There is almost always one question that I receive when someone finds out both what my research is and that my background is in biology. That is 'So when did you start programming?’, with implication that the answer should be when I was a child. The answer is really that I started when I joined the Amaral lab, 4 years ago. To be fair, I had fooled around with programming and tried to learn because I sensed the importance of it since high school but I had never actually “learned” anything.
In truth, I never actually even liked computers as a child. We had one computer and my sister spent most of her time on it, using MS Paint, playing games, or later AOL chat rooms. The extent of my use really stopped at looking up NBA player statistics and typing up essays (my handwriting was atrocious and this was more or less made mandatory by my teachers for longer essays). I really didn’t see the appeal of using computers and preferred to do things by hand. This continued all the way through college actually, I shunned using Maple or Matlab and chose to do all math homework by hand. Oddly enough, I really enjoy building computers and spent a lot of time doing this during high school. But my love for building and computer hardware never really transitioned into even a liking for software.
So what changed? Somewhere during my undergraduate research I really became infected by this idea that I really wanted to build something to cure what ails us, pick a disease really but I always thought of it in the context of HIV. For the longest time I really did believe in the way things were done; that if you found out what made something tick (the virus), found the structure and the appropriate active site for the protein that ticks, and then designed an appropriate chemical or peptide mimetic that you would have then cured the disease. But as I kept looking at the problem as time went on I realized that carrying on in this fashion doesn’t always work, that there isn’t always a magic bullet because we are dealing with things that change over time. Now that’s not to say that the therapeutics that have already been developed for HIV aren’t effective, they are, it’s just that I was far more interested in understanding something enough to cure it than I was in ameliorating it.
This made me shift my thinking to systems and systems biology, that we would have to not only understand what made something tick as a first order approximation of its function but also what biological processes it relies on. In an even more complex fashion how do changes in the environment cause changes in the virus or organism and to what extent does this feedback change the virus? If we understood how a biological or evolutionary response could be processed could we then predict in what way the virus would be changed and figure out a course to preemptively attack against it? At this time I was taken in by the pretty pictures of Protein-Protein Interaction networks and, somewhat foolishly, thought that if we could know that much about something then we could figure it out.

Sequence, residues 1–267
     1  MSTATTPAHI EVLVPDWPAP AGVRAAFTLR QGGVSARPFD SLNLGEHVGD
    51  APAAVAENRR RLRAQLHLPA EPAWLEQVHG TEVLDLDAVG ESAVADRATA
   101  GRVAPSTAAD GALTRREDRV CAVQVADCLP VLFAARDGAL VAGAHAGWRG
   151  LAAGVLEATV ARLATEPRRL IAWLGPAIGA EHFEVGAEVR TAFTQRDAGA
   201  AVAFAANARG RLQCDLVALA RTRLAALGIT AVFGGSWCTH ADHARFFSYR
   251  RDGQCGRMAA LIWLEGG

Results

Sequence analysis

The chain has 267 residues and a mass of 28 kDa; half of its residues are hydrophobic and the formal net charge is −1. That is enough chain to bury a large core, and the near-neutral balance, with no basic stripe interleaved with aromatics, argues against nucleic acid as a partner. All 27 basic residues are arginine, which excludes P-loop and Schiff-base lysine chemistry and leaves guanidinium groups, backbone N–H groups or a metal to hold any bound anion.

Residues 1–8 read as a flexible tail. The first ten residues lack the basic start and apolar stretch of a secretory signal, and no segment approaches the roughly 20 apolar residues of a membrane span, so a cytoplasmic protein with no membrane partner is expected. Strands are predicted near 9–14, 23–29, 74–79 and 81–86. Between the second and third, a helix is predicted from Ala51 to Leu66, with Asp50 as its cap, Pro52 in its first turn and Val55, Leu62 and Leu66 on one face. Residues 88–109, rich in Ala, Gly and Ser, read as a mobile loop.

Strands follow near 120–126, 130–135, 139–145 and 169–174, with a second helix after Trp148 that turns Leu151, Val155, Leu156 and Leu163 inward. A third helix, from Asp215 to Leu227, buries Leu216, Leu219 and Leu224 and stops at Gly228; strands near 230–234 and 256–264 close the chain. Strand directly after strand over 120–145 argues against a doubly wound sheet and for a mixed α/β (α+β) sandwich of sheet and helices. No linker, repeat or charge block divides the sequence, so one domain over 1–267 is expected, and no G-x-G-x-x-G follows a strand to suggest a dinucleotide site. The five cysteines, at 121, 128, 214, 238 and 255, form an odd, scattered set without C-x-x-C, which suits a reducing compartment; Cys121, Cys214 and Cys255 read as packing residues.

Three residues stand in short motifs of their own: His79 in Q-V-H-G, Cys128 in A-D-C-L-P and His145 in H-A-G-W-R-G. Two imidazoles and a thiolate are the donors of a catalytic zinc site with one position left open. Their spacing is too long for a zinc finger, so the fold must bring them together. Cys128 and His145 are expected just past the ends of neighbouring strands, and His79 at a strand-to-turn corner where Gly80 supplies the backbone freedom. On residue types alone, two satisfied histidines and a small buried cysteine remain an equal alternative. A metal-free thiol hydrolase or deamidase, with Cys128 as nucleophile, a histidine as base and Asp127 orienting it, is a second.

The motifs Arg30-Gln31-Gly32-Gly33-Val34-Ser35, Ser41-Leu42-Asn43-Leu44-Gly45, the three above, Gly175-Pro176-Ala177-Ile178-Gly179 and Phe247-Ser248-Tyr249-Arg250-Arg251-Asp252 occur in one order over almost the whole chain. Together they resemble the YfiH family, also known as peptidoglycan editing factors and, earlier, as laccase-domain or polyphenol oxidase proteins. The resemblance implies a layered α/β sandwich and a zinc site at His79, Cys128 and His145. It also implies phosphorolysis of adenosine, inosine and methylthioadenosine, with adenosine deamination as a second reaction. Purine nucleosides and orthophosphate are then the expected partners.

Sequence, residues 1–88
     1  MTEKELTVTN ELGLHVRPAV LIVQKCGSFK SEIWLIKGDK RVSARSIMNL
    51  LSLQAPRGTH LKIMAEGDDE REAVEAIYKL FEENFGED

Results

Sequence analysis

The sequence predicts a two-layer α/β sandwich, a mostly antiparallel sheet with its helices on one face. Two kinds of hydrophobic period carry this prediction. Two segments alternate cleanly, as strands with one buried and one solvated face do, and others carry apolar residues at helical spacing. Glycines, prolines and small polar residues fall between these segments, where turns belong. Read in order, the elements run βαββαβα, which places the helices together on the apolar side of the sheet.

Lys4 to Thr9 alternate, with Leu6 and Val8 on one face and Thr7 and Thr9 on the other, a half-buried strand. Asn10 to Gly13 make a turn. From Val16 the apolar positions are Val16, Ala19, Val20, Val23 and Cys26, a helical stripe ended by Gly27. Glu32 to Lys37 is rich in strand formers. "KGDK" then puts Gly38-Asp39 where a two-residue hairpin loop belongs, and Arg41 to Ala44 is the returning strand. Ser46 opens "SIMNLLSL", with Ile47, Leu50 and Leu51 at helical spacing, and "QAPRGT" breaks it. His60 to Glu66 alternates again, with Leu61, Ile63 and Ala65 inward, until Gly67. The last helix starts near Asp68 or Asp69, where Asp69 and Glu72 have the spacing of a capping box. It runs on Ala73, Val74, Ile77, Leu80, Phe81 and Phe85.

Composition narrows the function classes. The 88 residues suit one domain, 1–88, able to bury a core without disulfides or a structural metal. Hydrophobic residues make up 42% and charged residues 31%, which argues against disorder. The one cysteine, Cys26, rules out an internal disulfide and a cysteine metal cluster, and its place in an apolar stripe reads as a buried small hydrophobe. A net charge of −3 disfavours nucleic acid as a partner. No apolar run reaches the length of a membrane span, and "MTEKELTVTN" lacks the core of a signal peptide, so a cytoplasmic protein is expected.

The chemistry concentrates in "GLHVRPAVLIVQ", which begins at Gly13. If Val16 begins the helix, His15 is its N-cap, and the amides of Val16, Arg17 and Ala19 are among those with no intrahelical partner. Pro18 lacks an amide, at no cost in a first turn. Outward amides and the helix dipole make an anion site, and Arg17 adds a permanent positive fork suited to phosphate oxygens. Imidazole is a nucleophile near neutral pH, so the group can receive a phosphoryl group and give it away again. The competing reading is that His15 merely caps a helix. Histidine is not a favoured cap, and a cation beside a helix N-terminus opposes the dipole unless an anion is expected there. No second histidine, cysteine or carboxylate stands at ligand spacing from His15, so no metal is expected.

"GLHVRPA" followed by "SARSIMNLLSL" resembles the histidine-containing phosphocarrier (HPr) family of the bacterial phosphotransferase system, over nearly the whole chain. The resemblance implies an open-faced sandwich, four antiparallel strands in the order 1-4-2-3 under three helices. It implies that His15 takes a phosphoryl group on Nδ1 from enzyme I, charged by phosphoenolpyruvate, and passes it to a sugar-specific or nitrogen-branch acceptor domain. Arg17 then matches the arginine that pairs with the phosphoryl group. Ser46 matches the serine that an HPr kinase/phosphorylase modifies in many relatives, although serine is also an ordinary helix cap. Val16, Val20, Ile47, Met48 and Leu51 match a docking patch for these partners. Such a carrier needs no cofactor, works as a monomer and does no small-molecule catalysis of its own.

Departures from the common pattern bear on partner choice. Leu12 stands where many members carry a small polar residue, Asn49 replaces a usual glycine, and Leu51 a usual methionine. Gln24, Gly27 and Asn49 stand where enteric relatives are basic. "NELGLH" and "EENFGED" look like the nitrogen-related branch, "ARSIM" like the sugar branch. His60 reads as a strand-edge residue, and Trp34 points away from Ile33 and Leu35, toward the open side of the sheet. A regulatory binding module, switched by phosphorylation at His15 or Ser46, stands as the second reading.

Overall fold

So I decided to switch when I came to Graduate School and I can honestly say that learning how to program has been the least of my difficulties. The harder problem is still my research and trying to figure out how to use biological networks to tease out something informative and relevant about biology and evolution itself.
If anything programming has been a boon to me scientifically, not only because of the enhanced skill set it brings (and not just the fact that if I burn out I have a chance in hell of getting a real job) but also because of the way it’s changed how I think. I used to live almost exclusively in the world of thinking about concretes, but now biology is an abstract process to me. I spend my time thinking about hypotheticals and possible de-identified ways of processes working together. I don’t really concern myself with protein or gene names anymore, I know that those can be grafted on later to make an abstract process concrete. The real benefit is that I spend my time thinking about biology as biology, trying to extract some sort of intuition about how it functions so that hopefully one day I’ll have enough to figure out how to bend it to my will.
We will (hopefully, barring any major accidents, Parkinson’s disease, or a botched attempt at achieving a transhumanist ideal) always have hands that work, that can pipette and put plates into a reader. But we’re not guaranteed the ability to think about what we do and how it interacts in the greater realm of cellular processes unless. That takes effort and trying.
So if you can’t program and you do research, you should. It’ll be the most productive week that you’ll ever spend in terms of your research over the long haul (either because of broadening horizons or the ability to analyze biological data in a sane way). And that’s the honest truth. I “learned” programming in my first week in the lab, because I had to and that was enough to get off the ground. Asking questions and accepting failure as a route to learning have taken me to where I am now.